Alexa

Author, conservative commentator William F. Buckley Jr. dies at 82

Author, conservative commentator William F. Buckley Jr. dies at 82

William F. Buckley Jr., the erudite commentator and conservative herald who showered scornful words on liberalism as he observed, abetted and cheered on the right's post-World War II rise from the fringes to the White House, has died. He was 82.
His assistant Linda Bridges said Buckley was found dead by his cook Wednesday at his home in Stamford, Connecticut. The cause of death was unknown, but he had been ill with emphysema, she said.
Editor, columnist, novelist, debater, TV talk show star of "Firing Line," harpsichordist, transoceanic sailor and even a good-natured loser in a New York mayor's race, Buckley worked at a daunting pace, taking as little as 20 minutes to write a column for his magazine, the National Review.
Yet on the platform he was all handsome, reptilian languor, slowly flexing his imposing vocabulary.
"I am, I fully grant, a phenomenon, but not because of any speed in composition," he wrote in The New York Times Book Review in 1986. "I asked myself the other day, `Who else, on so many issues, has been so right so much of the time?' I couldn't think of anyone."
President George W. Bush called Buckley a great political thinker, wit, author and leader. "He influenced a lot of people, including me," the president said. "He captured the imagination of a lot of people."
But Buckley was also willing to criticize his own and made no secret of his distaste for at least some of Bush's policies. In a 2006 interview with CBS, he called the Iraq war a failure.
"If you had a European prime minister who experienced what we've experienced, it would be expected that he would retire or resign," Buckley said at the time. Buckley had for years been withdrawing from public life. In 1990 he stepped down as top editor of the National Review, and in 1999, he closed down his TV show "Firing Line" after a 23-year run, when guests ranged from Richard Nixon to Allen Ginsberg. "You've got to end sometime and I'd just as soon not die onstage," he told the audience.
"For people of my generation, Bill Buckley was pretty much the first intelligent, witty, well-educated conservative one saw on television," fellow conservative William Kristol, editor of the Weekly Standard, said at the time the show ended. "He legitimized conservatism as an intellectual movement and therefore as a political movement."
Fifty years earlier, few could have imagined such a triumph. Conservatives had been marginalized by a generation of discredited stands _ from opposing President Franklin Delano Roosevelt's New Deal to help the U.S. recover from the Great Depression to the isolationism which preceded the U.S. entry into World War II.
Buckley founded the biweekly magazine National Review in 1955, declaring that he proposed to stand "athwart history, yelling `Stop' at a time when no one is inclined to do so, or to have much patience with those who urge it." With his dynamic persona he helped revive conservative ideology, especially unbending anti-Communism and free market economics.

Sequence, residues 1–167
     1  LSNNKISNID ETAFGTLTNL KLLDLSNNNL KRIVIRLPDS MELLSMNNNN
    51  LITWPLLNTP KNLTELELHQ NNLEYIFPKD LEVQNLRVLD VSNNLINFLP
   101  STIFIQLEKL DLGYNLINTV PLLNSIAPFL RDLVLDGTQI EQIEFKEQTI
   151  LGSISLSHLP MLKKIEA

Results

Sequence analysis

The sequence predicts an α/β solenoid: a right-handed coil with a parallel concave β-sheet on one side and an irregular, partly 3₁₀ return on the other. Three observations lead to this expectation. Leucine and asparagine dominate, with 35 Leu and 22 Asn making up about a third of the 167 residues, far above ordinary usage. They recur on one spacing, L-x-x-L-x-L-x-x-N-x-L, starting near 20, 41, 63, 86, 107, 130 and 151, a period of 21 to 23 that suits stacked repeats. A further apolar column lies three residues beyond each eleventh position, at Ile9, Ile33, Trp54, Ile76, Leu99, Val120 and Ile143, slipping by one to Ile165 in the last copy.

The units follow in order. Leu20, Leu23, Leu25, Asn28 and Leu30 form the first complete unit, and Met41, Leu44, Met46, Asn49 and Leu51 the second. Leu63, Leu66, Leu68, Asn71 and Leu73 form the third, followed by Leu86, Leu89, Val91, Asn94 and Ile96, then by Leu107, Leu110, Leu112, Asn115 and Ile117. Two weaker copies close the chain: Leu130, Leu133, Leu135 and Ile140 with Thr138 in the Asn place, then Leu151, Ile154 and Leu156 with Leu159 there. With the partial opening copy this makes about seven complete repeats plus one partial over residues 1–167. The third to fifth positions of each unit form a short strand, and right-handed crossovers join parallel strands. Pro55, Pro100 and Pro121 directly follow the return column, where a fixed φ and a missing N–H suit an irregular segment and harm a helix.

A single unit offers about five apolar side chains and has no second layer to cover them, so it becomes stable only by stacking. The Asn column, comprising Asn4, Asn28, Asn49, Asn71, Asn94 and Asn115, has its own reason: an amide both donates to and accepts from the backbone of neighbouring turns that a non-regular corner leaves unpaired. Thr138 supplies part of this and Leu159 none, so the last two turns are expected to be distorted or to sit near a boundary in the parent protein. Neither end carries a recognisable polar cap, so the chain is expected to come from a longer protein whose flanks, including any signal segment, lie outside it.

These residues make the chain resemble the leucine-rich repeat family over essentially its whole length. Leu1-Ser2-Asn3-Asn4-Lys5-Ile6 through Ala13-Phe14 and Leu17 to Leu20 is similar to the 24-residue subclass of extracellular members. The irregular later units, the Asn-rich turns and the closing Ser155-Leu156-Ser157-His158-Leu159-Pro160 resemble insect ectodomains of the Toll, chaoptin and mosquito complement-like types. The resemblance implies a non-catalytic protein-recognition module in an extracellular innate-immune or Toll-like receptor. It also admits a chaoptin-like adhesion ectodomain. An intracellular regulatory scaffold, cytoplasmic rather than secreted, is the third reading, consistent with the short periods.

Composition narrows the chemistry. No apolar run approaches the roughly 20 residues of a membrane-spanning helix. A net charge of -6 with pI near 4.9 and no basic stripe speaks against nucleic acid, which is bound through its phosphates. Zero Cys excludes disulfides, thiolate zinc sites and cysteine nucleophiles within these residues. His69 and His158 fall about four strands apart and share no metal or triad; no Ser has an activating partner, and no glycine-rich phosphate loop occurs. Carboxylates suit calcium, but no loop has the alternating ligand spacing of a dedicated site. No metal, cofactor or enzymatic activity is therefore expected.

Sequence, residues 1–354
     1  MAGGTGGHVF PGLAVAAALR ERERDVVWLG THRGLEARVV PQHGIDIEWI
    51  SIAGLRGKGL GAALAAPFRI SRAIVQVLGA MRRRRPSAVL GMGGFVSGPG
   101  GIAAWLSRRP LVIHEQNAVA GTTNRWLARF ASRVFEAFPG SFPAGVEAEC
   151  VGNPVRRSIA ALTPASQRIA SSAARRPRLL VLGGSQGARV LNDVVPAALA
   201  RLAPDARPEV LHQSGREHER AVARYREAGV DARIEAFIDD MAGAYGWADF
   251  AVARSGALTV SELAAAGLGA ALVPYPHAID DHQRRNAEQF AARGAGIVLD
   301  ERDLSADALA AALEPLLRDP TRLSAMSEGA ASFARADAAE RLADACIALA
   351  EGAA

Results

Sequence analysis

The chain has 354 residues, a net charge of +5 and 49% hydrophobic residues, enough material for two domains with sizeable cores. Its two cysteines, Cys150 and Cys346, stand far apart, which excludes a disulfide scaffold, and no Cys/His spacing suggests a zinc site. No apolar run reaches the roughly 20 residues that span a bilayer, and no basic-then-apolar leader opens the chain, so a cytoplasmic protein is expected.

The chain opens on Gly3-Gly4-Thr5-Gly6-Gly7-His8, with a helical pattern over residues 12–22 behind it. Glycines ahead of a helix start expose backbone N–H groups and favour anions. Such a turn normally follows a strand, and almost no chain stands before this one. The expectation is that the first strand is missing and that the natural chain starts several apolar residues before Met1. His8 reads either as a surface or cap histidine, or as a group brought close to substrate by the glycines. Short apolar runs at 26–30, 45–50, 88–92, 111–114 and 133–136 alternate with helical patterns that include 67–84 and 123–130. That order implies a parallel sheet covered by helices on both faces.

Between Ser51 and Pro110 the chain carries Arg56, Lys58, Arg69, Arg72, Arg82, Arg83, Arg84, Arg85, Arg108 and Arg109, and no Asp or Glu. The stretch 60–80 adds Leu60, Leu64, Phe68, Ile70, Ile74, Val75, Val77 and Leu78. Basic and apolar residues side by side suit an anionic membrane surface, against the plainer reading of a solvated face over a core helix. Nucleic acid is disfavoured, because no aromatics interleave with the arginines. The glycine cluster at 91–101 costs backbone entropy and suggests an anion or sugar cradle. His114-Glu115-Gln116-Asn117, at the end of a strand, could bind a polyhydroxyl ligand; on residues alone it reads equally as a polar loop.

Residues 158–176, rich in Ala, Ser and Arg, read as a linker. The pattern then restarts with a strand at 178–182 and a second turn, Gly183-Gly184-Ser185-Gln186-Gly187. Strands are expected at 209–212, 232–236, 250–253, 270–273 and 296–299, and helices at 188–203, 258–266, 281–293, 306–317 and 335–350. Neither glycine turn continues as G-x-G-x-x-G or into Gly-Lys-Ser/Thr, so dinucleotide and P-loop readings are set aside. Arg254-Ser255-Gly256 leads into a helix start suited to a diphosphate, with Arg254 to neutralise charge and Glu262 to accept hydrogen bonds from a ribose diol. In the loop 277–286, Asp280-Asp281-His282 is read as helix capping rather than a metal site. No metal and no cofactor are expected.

Although it perpetually lost money, the National Review built its circulation from 16,000 in 1957 to 155,000 when Buckley relinquished control in 2004, citing concerns about his mortality. Over the years the National Review attracted numerous young writers, some who remained conservative (George Will, David Brooks), and some who did not (Joan Didion, Garry Wills).
"I was very fond of him," Didion said Wednesday. "Everyone was, even if they didn't agree with him."
Born Nov. 24, 1925, in New York City, William Frank Buckley Jr. was the sixth of 10 children of a multimillionaire with oil holdings in seven countries. He spent his early childhood in France and England, in exclusive Roman Catholic schools.
His prominent family included his brother James, who became a one-term senator from New York in the 1970s; his socialite wife, Pat, who died in April 2007; and their son, Christopher, a noted author and satirist ("Thank You for Smoking").
After graduating with honors from Yale University in 1950, Buckley married Patricia Alden Austin Taylor, spent a "hedonistic summer" and then excoriated his alma mater for what he regarded as its anti-religious and collectivist leanings in "God and Man at Yale," published in 1951.
Buckley spent a year as a low-level agent for the Central Intelligence Agency in Mexico, work he later dismissed as boring.
In 1960, Buckley helped found Young Americans for Freedom, and in 1961, he was among the founders of the Conservative Party in New York. He was the party's candidate for mayor of New York in 1965, waging a campaign that was in part a lark. Asked what he would do if he won, Buckley said, "I'd demand a recount."
He wrote the first of his successful spy thrillers, "Saving the Queen," in 1976, introducing Ivy League hero Blackford Oakes. Oakes was permitted a dash of sex _ with the Queen of England, no less _ and Buckley permitted himself to take positions at odds with conservative orthodoxy. He advocated the decriminalization of marijuana, supported the treaty ceding control of the Panama Canal and came to oppose the Iraq war.
___
On the Net:
http://www.nationalreview.com/


Updated : 2021-04-17 20:18 GMT+08:00